Most importantly, he’d gotten the win in an exciting fight, meaning he could exit on a high note.

“That’s the thing, you’re always going to remember that last one,” Lytle said. “That’s going to be how you remember the world of MMA and the UFC in your career. You just don’t know how it’s going to go. Fighters have a lot of pressure on them, and it was just a big release of pressure. I could just tell it was going to bring me a lot of satisfaction for years to come. Because if you go out there in your last one and get knocked out, that’s going to leave a bad taste in your mouth for maybe the rest of your life.”

For Hardy, a sense of peace followed the initial disappointment of the loss. Even he had to admit that there was a certain poetic beauty in the way Lytle had capped off his career. Plus, while he hadn’t disclosed his thoughts on his own career, by the time he showed up to the post-fight press conference, Hardy was ready for what would come next. He was almost certain that it would start with getting cut from the UFC. It was social media that told him otherwise.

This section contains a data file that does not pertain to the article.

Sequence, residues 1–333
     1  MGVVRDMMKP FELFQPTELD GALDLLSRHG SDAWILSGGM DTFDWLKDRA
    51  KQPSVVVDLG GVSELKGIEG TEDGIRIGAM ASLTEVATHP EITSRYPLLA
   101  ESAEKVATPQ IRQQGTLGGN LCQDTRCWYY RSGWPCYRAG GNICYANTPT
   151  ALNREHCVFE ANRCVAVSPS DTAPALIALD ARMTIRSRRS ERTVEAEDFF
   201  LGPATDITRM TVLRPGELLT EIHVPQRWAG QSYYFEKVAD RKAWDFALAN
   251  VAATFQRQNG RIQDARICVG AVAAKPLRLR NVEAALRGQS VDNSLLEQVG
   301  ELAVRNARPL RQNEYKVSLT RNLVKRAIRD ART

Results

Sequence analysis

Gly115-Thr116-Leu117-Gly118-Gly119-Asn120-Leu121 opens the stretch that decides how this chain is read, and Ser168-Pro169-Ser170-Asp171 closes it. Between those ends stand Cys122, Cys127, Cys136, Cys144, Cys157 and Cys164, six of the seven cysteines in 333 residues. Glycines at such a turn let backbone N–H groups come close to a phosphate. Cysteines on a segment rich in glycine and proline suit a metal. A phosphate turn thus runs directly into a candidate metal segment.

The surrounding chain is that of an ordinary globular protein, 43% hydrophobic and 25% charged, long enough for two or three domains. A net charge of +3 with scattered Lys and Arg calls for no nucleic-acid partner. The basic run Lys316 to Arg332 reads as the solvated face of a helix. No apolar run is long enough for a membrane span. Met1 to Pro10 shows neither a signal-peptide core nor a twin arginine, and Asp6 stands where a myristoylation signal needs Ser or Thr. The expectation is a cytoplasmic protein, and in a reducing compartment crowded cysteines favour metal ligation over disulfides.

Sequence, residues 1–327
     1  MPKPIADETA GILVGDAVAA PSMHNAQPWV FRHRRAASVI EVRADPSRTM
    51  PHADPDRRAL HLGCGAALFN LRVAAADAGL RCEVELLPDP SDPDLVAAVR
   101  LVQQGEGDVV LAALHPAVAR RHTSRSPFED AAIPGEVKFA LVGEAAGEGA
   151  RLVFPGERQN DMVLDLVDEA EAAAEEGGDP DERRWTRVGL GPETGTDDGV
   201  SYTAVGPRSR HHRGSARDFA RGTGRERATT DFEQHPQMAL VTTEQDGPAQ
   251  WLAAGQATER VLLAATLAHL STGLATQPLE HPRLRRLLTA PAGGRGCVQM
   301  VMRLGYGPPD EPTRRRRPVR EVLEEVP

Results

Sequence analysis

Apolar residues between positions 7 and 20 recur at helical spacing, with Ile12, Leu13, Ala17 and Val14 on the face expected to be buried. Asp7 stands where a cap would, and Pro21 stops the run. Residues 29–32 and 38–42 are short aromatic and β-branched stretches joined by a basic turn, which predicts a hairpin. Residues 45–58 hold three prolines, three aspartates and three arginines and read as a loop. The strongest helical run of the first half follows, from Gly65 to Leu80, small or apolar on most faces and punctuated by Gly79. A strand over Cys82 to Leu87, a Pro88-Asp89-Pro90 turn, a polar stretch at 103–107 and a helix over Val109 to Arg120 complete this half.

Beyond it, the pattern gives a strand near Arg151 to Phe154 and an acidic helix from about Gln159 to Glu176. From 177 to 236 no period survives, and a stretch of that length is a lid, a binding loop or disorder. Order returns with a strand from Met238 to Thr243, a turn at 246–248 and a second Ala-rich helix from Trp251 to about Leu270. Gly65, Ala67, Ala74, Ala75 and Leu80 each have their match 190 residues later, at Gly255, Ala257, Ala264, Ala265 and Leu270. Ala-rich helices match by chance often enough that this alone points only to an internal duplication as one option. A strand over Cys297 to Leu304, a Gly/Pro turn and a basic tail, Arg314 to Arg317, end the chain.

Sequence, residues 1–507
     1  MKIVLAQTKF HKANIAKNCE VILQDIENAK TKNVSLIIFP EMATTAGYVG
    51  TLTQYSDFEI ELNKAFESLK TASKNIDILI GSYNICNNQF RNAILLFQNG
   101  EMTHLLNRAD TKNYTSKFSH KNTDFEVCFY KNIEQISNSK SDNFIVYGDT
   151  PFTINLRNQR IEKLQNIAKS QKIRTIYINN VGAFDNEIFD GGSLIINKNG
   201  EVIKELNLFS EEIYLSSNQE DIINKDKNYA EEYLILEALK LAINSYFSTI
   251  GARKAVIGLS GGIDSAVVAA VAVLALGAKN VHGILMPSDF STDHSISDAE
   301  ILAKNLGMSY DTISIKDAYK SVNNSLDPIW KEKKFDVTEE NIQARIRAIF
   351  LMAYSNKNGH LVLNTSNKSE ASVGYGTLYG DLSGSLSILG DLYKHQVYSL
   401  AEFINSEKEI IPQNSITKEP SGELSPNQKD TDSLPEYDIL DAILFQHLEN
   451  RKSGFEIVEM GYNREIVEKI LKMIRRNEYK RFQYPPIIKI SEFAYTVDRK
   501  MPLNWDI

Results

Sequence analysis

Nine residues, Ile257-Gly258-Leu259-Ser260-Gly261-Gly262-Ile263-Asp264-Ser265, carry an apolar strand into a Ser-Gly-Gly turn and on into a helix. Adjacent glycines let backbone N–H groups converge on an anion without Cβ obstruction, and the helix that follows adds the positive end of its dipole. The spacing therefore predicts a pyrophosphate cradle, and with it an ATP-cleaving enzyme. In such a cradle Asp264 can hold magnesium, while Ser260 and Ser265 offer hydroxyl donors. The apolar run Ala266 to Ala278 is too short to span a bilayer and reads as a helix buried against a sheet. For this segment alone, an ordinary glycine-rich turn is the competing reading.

“I was sitting in the press conference when I saw that tweet from (UFC CEO) Lorenzo (Fertitta) saying, ‘I like guys that war,’” Hardy said. “That was the point when I thought to myself, ‘OK, this is my final chance. This is my opportunity to turn some things around.’ Because I’d almost exorcised some demons in that fight. Even though I lost the fight, I got out of my system a lot of the frustrations that I’d been carrying around from my previous three fights. In my head, I was absolutely accepting of the fact that this was it and I was done.”

Once he realized that his life in the UFC would go on, Hardy decided to take some time off before his next fight. He would return nine months later, ending his four-fight losing streak with a knockout victory over Duane Ludwig at UFC 146. He fought again and won that September before being sidelined by medical issues that have kept him out of the cage to this day, much to his chagrin.